THE year 2021 seems to be continuing very much in the same vein as 2020.
Restrictions are in place and Covid-19 is still looming large for Namibia and the rest of the world.
There is, however, a ray of light in the form of schools having reopened.
Children are back where they are supposed to be with their friends, peers and teachers - laughing, running, jumping, learning and trying to hold onto some normality, which has been missing for so long.
The academic aspect is essential for children, but remote learning took care of that.
What has been missing is games, playing, interaction, sport and teamwork.
This is an essential part of a child's education and making sure they become well-adjusted adults.
It's not just sport, it's the interaction with other children and teenagers.
Sport, physical exercise and games don't just burn off surplus energy, they teach youngsters valuable life lessons - lessons they cannot learn in a classroom.
This is why it has become essential to get them running, playing and moving, all while socially distancing and adhering to Covid-19 regulations, of course.
The ministries have realised the importance of physical education and school sport, and have joined forces with the German Development Cooperation to ensure that physical education and sport become an integral part of pupils' overall education again.
We only have to look at ourselves and look back at the sport we played, or the games we engaged in friends and peers . . .
We learned about sharing, teamwork, victory, as well as failure.
In fact all the things we value in adults when interacting that are not purely academic are learned through games and sport, and by engaging with each other - something that has to mostly be done in person and is difficult to teach, nurture and develop through Zoom or Microsoft Teams.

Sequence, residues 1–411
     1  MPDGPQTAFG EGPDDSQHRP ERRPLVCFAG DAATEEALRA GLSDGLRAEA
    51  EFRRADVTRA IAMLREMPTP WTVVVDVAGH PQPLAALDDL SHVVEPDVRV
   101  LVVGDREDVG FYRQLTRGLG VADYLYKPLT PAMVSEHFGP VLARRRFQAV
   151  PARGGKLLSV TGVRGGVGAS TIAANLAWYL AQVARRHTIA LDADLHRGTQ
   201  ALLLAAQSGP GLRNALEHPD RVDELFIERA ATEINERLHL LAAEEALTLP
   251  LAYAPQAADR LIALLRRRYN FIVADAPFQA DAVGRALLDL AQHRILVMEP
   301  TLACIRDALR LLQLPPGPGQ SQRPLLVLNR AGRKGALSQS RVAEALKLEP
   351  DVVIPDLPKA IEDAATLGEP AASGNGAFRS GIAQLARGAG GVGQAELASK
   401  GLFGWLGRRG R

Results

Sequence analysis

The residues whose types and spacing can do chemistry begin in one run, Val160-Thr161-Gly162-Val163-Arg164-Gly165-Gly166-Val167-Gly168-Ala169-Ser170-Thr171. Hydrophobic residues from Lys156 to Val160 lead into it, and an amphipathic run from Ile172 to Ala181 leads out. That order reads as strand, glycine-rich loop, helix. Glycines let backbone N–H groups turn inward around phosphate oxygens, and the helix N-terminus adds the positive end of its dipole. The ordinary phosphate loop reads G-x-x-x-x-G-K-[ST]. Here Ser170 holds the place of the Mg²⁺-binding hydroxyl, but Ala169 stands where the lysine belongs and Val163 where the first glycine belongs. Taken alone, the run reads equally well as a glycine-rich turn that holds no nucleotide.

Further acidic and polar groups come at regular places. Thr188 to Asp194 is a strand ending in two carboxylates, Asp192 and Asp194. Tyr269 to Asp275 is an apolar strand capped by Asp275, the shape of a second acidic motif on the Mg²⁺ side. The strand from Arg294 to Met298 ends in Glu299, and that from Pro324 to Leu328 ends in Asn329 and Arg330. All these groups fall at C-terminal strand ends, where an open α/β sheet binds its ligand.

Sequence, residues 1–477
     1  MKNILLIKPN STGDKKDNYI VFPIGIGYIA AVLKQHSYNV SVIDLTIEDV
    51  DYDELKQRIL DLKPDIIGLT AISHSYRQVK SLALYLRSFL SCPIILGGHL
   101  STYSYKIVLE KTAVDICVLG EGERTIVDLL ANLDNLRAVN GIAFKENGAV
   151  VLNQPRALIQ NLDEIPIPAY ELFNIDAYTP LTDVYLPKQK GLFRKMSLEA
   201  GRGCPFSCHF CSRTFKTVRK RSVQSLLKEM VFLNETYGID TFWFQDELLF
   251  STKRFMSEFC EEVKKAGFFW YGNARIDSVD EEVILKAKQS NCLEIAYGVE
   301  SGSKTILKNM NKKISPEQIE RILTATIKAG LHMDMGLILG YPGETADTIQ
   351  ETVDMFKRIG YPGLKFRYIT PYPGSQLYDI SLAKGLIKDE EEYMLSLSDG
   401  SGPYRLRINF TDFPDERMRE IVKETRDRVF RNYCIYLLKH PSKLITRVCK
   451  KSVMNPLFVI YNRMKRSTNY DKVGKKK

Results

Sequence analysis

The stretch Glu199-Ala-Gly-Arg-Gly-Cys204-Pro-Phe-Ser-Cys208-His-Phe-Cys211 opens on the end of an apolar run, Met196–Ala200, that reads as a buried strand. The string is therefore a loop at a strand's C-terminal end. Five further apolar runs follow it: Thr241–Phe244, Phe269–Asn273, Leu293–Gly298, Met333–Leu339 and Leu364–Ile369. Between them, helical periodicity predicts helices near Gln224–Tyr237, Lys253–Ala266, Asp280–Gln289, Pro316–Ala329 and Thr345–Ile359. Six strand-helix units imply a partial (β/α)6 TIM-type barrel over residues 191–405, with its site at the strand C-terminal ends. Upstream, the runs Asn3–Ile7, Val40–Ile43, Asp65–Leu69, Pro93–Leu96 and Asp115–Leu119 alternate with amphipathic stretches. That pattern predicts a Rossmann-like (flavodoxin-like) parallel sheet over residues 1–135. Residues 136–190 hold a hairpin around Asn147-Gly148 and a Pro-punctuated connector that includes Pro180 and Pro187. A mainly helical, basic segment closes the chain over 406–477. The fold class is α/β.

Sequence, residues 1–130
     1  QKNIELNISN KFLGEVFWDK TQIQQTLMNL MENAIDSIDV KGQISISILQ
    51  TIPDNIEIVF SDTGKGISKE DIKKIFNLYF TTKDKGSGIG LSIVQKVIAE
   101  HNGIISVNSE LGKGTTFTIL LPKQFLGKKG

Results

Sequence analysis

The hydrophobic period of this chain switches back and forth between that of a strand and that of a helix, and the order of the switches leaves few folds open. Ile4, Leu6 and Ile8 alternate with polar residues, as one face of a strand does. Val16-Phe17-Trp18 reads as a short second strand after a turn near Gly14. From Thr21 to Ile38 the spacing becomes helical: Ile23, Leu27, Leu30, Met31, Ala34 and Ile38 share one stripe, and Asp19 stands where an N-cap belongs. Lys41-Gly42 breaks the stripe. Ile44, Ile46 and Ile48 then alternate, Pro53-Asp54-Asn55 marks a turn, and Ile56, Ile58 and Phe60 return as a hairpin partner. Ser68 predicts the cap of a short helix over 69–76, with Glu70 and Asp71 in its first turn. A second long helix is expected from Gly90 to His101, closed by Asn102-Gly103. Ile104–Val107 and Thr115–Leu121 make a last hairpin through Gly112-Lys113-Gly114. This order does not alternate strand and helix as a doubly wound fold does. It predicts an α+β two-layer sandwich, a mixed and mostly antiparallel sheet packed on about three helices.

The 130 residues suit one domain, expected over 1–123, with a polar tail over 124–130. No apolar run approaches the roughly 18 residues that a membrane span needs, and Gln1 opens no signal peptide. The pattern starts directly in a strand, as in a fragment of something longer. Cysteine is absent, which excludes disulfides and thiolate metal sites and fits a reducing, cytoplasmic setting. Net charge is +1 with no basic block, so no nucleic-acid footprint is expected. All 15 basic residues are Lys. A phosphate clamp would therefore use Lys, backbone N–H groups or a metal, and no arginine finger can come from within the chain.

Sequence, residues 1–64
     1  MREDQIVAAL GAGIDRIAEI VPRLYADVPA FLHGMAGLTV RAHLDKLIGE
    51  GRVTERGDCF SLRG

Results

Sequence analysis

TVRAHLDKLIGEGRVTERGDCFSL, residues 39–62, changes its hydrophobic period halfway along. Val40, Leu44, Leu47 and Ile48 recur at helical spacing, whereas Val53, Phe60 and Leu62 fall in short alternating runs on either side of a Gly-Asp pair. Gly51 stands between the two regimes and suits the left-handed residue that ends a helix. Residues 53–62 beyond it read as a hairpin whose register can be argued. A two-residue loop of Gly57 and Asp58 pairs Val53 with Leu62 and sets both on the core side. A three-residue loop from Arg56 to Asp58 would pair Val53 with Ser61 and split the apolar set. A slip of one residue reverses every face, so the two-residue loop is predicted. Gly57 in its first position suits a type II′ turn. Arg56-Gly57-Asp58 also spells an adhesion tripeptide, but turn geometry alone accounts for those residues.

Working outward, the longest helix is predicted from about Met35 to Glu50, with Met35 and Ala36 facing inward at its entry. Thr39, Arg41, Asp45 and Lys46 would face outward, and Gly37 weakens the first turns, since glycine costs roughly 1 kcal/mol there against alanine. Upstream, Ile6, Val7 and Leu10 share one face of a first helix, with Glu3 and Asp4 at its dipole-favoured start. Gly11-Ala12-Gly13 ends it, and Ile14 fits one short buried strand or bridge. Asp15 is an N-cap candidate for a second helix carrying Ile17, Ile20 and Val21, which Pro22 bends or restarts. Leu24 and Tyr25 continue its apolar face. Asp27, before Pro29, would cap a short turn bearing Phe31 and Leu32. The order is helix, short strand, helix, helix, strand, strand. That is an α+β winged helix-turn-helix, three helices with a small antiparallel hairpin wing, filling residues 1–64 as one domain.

A football game cannot be won by one player alone, even if you are the star striker, you need your teammates to assist in scoring goals.
When you win, you celebrate together, and when you lose, you commiserate together and see how you can do better next time.
Processing wins and losses, and motivating yourself and your teammates are essential to growing up - whether it is in a formalised sport setting or just informally playing games.
Through the Sport for Development in Africa regional project in collaboration with the Ministry of Education, Arts and Culture and the Ministry of Sport, Youth and National Service, the Integrated Physical Education and School Sports (Ipess) programme was created to emphasise the importance of games and sport for all pupils - irrespective of their abilities or talent.
That is why the Ipess programme is being rolled out at more than 2 000 schools in all 14 regions, starting at primary level all the way through to secondary level.
This long-term project will see a new generation of children participate, learn and grow through physical education in one form or another.
Their teachers will be given the necessary training and manuals, and will become champions of physical exercise to motivate and develop pupils.
The all-round development of pupils will give them qualities they need to succeed as adults - not even mentioning to keep them away from certain illicit temptations and bad habits that can wreak havoc on their futures.
Together we can make the kids embrace physical education and school sport, and make them learn, go and grow!
*Titus Mwahafa is the Regional Programmes Africa adviser for sport development at the Deutsche Gesellschaft für Internationale Zusammenarbeit (GIZ).